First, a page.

Steve Henderson thinks the monster brown trout that Meredith Gilliland landed in the Yampa River probably was a rogue trout. Instead of guarding a perfect lie in a current seam and sipping the aquatic insects delivered by the river, Gilliland's trout probably was a cruising predator looking for triple-value meals.
"I don't think a trout can get that big just sitting and waiting for food to come to him," Henderson said. "His home range may have been a half-mile long. When he runs out of baby ducks to eat in one place, he moves on to the next group of baby ducks."
Henderson is a veteran trout guide and one of the owners of Steamboat Flyfisher, 507 Lincoln Ave. Gilliland was fishing with guide J.R. Russell last month when the trout struck a streamer in about four feet of water. It was caught on a private stretch of the river west of Steamboat.
So how big was the fish?
Gilliland said it was measured at 31 inches in length. She said Russell took girth measurements and estimated its weight at as much as 14 pounds.
"When it was still moving a lot, I couldn't pick it up by myself," Gilliland said.
The brown trout was resuscitated by holding it upright in the current so its gills could gather oxygen, and it was released -- bad news for ducks.
Does a 12-pound brown trout really munch on ducklings? Maybe that's an exaggeration, Henderson said. But they definitely swallow careless field mice that tumble off overhanging grasses into the river, veteran angler Jim Curd said.
Curd said September is a good time to begin probing the rivers with big streamers. Steamboat has had a half-dozen continuous nights of frost, and lower water temperatures trigger a response in trout. "This is when they get the feedbag on," Curd said.
Gilliland, a student at Montana State University whose family lives here, has been fishing since she was 4 or 5 years old. She said she changed strategies on the morning she caught the 31-inch brown because her sister, Lauren Matthews, caught the first fish of the day.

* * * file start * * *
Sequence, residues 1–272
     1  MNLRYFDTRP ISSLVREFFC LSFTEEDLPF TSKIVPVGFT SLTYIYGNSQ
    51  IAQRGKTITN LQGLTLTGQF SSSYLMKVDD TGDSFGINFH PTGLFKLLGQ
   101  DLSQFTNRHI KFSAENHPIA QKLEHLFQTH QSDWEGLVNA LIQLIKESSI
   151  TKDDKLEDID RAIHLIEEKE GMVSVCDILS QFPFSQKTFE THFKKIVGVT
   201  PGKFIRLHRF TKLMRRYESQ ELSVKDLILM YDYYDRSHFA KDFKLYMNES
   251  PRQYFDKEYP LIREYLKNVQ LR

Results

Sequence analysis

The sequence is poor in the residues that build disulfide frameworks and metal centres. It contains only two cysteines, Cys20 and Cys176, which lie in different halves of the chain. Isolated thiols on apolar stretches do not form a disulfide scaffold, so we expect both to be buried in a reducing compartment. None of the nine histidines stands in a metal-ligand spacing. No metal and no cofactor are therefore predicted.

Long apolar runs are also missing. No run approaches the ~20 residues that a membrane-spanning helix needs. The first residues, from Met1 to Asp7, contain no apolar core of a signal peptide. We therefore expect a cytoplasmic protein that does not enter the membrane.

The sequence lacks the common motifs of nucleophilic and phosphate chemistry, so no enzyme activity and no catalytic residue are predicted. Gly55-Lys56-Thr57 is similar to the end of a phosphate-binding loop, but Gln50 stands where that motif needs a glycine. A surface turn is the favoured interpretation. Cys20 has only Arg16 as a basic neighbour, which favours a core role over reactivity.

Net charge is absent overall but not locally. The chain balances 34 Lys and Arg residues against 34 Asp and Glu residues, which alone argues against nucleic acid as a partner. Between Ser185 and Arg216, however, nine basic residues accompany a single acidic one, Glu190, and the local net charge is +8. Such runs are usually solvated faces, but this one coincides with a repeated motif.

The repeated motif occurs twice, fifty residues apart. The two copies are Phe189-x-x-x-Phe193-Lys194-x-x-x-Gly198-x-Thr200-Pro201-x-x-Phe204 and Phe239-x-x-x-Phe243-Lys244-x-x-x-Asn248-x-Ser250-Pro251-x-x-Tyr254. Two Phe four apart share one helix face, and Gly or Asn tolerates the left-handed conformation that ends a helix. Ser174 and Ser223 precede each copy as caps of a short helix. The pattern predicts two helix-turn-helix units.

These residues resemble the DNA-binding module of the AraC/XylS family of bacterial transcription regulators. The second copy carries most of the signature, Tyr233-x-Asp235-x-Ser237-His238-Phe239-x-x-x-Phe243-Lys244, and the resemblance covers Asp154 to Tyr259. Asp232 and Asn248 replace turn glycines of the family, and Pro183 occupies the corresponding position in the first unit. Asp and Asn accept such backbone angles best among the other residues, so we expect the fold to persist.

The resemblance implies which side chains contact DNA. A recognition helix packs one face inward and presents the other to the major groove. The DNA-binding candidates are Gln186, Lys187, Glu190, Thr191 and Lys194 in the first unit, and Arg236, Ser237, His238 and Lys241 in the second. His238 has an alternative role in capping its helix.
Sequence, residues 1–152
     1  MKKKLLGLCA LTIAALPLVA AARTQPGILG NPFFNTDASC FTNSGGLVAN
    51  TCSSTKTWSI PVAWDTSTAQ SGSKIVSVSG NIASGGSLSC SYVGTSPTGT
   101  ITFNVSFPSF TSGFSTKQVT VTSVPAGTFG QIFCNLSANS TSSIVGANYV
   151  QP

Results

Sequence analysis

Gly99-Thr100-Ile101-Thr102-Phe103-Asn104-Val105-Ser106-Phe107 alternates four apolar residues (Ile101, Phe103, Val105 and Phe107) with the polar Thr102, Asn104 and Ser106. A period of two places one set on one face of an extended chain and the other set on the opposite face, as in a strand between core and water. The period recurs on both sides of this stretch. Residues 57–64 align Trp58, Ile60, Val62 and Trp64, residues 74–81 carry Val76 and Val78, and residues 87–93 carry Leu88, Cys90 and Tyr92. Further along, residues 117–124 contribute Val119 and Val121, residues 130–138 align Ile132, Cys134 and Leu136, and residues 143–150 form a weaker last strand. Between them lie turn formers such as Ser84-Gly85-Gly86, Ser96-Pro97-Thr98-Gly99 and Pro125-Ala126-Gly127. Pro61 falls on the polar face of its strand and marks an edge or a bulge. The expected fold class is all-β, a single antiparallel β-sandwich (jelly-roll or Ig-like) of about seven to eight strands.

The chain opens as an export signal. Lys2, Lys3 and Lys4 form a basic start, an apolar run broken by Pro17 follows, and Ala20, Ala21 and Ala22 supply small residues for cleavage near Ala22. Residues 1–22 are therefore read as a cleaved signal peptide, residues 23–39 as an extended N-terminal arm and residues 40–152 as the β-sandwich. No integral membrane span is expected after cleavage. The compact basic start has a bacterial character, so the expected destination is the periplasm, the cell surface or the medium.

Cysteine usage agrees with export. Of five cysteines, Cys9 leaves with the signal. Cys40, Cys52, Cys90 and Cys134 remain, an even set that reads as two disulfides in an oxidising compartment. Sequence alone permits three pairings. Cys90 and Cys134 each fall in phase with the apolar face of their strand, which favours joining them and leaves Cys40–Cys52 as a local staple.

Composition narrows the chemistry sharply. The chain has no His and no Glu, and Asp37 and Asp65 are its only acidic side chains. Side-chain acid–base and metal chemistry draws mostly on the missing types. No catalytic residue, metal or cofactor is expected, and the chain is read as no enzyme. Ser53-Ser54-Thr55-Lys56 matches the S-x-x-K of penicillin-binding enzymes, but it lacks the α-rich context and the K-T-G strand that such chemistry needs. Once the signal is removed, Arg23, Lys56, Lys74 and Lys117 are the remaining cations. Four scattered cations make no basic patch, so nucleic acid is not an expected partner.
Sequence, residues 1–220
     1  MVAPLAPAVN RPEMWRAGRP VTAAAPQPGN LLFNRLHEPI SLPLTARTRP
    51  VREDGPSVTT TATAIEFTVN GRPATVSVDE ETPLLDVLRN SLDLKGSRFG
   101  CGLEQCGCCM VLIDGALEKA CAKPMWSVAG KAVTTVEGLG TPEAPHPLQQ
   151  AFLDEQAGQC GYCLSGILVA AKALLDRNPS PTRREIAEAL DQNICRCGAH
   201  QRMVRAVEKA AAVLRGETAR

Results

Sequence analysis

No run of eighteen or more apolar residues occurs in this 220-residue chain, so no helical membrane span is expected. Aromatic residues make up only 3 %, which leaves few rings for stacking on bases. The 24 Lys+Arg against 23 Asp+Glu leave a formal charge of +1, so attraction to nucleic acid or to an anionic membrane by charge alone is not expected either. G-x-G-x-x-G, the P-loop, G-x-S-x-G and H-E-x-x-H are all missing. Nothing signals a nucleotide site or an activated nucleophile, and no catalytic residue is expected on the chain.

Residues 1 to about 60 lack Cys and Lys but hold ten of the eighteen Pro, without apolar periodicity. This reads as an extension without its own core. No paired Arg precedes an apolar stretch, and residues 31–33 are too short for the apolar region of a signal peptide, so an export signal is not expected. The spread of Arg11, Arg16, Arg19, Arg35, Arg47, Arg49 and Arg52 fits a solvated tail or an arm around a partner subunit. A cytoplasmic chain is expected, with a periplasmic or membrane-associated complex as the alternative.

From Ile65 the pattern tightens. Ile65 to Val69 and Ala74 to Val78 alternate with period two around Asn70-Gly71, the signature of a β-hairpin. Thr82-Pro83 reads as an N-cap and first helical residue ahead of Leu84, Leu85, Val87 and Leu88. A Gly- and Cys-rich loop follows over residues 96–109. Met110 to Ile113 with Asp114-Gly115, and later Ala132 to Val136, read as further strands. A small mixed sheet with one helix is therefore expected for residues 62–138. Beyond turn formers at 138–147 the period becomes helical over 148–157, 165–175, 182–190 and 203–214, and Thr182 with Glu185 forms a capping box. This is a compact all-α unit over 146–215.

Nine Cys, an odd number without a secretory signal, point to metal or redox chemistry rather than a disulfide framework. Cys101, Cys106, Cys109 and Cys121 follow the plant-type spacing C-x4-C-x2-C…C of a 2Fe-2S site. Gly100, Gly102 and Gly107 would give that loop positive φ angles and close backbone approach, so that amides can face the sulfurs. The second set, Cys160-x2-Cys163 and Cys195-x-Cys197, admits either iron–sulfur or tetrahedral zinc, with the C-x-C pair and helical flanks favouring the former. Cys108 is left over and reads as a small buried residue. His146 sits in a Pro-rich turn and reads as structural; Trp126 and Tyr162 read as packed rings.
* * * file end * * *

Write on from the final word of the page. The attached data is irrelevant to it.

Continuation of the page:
"Lauren does that a lot," Gilliland said. "I decided to start looking for pike and tied on a conehead sculpin. I was making a long cast to the dark water. I made several casts and hadn't done much when I thought I either got caught on the bottom or a log."
When she and Russell realized it was a fish, they weren't certain what to expect on the other end of the line.
"I had to fight it for 15 to 20 minutes," Gilliland said. "I didn't know what it was until it jumped. It was like a whale. We were all laughing."
After the brown was photographed and released, Lauren suggested to her sister that they call it a day.
"She told me it wasn't going to get any better than that," Gilliland said.
Henderson said there are signs that the brown trout in northern Colorado may have begun their annual spawning rituals early. Typically, browns in the Yampa River spawn in October, and it's possible to observe some spawning activity in November.
Henderson has heard a report that the brown trout in Troublesome Creek where it flows into the Colorado River upstream from Kremmling already have come off their spawning beds, and the browns in the Colorado River already are in spawning mode.
"It feels like it's going to be an early winter," Henderson said. "Of course, as soon as you put that in the newspaper, we'll have five weeks of Indian summer."
Streamer patterns imitate minnows and other small fish. In the Yampa, that means the homely sculpin and the common dace.
Henderson likes a "hair sculpin" tied with a white rabbit fur belly. The yellow-brown "autumn splendor" streamer imitates the dace. Curd says his favorite streamer pattern is a black woolly bugger tied with a bushy light-colored collar to imitate the sculpin's strangely shaped head. Henderson said using a rusty and black "furnace hackle" to supply the feathers for the streamer's collar also is effective.
Tie on a streamer -- you never know when you might catch the brown trout of a lifetime.
-- To reach Tom Ross call 871-4205
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